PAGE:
A Nashville Art School Will Purge All Non-Christian Faculty Now That It Has Been Taken Over by a Religious University
"That’s just part of who we are,” says Belmont University's provost of the firings at the Watkins College of Art.
Earlier this week, students, and faculty at the Watkins College of Art in Nashville, Tennessee, were shocked to learn that their school would be absorbed by Belmont University, a local Christian institution that has made national headlines over the last decade for allegedly retaliating against faculty who went against its strict code of faith.
“There is rage and there is fear,” Quinn Dukes, an alumna of Watkins College who organized an online petition against the merger, tells Artnet News. “Students and faculty are losing both a history and a school.”
The open letter, which currently has more than 1,600 signatures, calls for academic and financial transparency from university leadership, as well as assurances that students will not experience censorship. Additionally, critics of the merger want to ensure that Watkins staff are provided severance if they are prevented from joining Belmont University, which requires that its faculty adhere to Christianity and does not hire teachers outside the religion.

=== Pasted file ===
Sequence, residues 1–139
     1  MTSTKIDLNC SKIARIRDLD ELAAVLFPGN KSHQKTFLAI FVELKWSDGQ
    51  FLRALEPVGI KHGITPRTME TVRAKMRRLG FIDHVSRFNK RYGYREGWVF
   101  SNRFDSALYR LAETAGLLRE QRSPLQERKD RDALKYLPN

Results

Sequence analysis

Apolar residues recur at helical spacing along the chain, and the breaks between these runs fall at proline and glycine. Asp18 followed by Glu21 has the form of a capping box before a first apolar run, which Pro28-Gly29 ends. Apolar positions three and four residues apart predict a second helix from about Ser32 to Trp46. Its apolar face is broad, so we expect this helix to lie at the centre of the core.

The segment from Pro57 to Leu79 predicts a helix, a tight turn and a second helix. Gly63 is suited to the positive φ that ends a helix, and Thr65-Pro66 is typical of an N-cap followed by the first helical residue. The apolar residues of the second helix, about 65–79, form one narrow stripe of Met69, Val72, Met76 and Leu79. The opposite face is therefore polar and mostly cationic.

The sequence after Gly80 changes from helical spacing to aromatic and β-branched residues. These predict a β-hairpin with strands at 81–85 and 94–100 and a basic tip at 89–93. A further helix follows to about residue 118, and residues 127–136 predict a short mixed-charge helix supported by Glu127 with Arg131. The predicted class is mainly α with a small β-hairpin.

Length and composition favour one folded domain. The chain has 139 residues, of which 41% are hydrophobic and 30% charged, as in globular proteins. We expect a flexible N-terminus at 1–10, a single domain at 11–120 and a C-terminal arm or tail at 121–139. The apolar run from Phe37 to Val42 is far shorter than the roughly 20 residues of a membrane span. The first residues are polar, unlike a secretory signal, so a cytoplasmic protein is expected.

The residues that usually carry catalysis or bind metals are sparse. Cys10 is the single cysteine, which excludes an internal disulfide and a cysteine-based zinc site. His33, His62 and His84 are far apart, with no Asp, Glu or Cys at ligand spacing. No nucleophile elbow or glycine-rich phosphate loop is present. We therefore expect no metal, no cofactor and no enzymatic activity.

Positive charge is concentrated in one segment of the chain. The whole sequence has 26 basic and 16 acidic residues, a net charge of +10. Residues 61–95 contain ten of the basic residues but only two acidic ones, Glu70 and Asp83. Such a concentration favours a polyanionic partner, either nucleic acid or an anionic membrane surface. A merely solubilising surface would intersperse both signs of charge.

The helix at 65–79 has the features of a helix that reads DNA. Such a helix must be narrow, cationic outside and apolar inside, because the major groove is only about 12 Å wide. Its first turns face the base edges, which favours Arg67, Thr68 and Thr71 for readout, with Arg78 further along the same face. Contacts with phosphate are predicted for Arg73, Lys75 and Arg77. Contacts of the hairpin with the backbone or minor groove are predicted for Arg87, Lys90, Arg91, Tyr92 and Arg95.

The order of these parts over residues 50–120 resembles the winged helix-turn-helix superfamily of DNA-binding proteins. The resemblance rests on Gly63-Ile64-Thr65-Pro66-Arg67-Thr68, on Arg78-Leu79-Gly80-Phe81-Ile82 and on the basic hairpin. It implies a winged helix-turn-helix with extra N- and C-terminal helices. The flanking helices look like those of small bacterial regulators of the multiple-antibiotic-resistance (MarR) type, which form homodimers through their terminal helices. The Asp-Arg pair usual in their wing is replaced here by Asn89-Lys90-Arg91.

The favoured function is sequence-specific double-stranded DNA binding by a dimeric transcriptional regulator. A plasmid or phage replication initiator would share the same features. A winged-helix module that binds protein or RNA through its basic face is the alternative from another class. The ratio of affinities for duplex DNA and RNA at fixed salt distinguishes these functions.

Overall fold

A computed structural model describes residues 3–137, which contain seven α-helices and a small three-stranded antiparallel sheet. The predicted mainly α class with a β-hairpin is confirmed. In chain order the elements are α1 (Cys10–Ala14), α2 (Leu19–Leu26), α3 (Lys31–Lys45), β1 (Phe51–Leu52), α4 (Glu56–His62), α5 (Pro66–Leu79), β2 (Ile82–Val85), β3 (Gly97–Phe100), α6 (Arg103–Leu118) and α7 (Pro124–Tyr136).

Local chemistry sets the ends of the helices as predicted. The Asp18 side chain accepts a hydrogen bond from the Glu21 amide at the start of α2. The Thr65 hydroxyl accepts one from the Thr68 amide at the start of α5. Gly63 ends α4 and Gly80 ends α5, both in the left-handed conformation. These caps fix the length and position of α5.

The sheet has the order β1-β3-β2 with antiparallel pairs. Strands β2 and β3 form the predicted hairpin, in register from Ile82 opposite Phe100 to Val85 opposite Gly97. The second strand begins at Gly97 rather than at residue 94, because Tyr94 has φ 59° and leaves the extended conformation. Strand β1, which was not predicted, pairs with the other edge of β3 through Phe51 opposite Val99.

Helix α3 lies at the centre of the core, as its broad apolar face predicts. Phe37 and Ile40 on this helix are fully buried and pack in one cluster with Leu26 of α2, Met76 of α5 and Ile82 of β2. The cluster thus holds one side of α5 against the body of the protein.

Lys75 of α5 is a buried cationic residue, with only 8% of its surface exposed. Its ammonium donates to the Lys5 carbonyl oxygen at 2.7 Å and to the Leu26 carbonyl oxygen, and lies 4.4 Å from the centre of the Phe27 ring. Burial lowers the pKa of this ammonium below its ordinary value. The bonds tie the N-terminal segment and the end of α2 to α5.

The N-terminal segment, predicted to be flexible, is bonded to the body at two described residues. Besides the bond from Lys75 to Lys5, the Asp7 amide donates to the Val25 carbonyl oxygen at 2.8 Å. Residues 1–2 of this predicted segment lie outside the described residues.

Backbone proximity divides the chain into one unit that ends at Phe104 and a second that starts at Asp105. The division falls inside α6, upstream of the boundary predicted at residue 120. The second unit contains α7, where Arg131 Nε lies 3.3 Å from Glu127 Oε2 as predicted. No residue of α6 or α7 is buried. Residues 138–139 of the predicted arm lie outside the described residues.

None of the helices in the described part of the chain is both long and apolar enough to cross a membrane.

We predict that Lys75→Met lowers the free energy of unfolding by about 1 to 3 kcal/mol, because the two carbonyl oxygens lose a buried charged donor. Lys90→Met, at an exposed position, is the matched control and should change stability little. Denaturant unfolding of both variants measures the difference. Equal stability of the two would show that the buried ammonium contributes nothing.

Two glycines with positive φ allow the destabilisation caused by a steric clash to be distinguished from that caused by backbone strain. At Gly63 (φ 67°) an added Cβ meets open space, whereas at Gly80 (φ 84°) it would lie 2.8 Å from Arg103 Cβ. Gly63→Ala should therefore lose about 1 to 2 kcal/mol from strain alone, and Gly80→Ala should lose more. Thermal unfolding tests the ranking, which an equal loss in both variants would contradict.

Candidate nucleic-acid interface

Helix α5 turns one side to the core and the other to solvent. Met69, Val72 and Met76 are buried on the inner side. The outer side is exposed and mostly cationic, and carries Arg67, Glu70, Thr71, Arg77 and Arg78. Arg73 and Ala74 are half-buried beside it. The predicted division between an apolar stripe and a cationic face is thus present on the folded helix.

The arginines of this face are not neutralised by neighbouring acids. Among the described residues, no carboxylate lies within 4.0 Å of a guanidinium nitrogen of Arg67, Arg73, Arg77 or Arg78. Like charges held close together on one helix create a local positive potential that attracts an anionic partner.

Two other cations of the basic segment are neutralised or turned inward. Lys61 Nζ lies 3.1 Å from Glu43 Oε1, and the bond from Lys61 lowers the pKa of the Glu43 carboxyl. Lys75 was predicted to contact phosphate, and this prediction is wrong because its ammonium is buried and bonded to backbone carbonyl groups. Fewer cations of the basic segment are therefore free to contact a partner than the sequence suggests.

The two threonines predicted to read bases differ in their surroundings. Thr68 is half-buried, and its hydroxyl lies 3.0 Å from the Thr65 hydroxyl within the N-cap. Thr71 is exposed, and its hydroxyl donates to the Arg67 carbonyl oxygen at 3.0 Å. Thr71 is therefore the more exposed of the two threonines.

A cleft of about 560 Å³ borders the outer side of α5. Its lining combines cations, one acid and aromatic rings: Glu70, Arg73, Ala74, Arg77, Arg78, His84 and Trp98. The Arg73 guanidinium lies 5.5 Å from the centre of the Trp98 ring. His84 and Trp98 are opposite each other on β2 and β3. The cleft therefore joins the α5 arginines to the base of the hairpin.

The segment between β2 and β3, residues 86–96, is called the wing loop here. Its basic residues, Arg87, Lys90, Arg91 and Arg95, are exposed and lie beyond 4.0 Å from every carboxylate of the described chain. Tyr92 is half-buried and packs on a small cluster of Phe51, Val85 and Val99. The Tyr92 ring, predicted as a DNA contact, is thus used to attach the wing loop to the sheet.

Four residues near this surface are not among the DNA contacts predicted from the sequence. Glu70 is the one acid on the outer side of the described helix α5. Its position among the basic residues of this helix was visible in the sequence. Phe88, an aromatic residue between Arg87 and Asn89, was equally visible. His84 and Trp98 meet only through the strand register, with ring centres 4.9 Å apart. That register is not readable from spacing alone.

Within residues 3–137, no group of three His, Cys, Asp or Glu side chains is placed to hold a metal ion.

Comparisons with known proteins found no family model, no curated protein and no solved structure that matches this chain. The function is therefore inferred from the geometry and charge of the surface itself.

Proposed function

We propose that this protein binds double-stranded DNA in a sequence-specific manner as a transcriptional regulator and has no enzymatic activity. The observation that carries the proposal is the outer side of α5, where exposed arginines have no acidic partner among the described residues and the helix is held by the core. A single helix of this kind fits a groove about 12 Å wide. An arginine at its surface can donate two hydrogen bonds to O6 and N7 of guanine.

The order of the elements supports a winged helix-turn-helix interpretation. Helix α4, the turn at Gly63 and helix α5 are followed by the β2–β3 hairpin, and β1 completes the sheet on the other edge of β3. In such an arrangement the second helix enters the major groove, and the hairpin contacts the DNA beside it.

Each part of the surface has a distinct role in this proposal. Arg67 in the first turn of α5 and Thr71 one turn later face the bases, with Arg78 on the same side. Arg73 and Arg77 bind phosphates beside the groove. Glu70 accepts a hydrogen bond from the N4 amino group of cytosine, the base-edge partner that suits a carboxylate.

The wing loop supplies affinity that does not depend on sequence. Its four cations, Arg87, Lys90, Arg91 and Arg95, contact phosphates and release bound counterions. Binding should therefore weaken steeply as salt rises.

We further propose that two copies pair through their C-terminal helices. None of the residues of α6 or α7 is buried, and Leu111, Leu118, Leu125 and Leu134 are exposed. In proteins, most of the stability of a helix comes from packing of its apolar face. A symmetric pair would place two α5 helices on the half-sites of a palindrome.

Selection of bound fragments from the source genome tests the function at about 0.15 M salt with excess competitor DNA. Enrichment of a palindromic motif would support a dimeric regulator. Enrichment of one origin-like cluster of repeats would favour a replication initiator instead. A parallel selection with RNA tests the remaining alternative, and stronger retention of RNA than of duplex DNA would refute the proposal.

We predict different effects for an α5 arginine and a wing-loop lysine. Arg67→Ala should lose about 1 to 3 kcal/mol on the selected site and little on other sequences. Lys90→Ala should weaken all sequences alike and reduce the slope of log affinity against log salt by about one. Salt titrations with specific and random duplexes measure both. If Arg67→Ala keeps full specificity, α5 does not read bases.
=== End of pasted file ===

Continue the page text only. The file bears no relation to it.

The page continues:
“We do not hire people who are not Christian,” Thomas Burns, Belmont’s provost, clarified in a response to questions at a town hall on Wednesday. “So the ones who are not Christian will not be eligible to work at Belmont. That’s just part of who we are.”
The letter follows a previous note circulated on Monday among students and faculty demanding a vote of no confidence for Watkins College president J. Kline, who has been accused of withholding information about the Belmont deal from the student body. In a statement, Kline defended the merger by saying it “secures the legacy and mission of Watkins for generations to come.”
That sentiment was not shared by the majority of the student body. During a meeting on Tuesday morning with Kline, some students were openly crying at the loss of their school. One woman fainted. Another was so upset that she had to be helped out of the room.
“It broke my heart,” Sasha Campbell, a junior, told Artnet News. “Watkins was my first choice.”
LGBTQ students like Campbell, who identifies as bisexual and trans, are also worried about how welcoming a campus like Belmont will be for students like them, although the university does have a club for queer students.
“The problem with the merger is that we have two different cultures,” a faculty member told Artnet News on the condition of anonymity, for fear of retaliation. “The reality is that there will be restrictions. Our students are taught to be uninhibited and explore subjects and issues that may clash against Belmont’s Christian culture.”
Students have been told by Watkins faculty and Belmont officials that their freedom of expression would be somewhat restricted at the Christian school where filmmakers must make PG movies and artists not permitted to draw from nude figures to study the human form. Concerns over potential censorship are compounded by recent Belmont controversies that have made national headlines.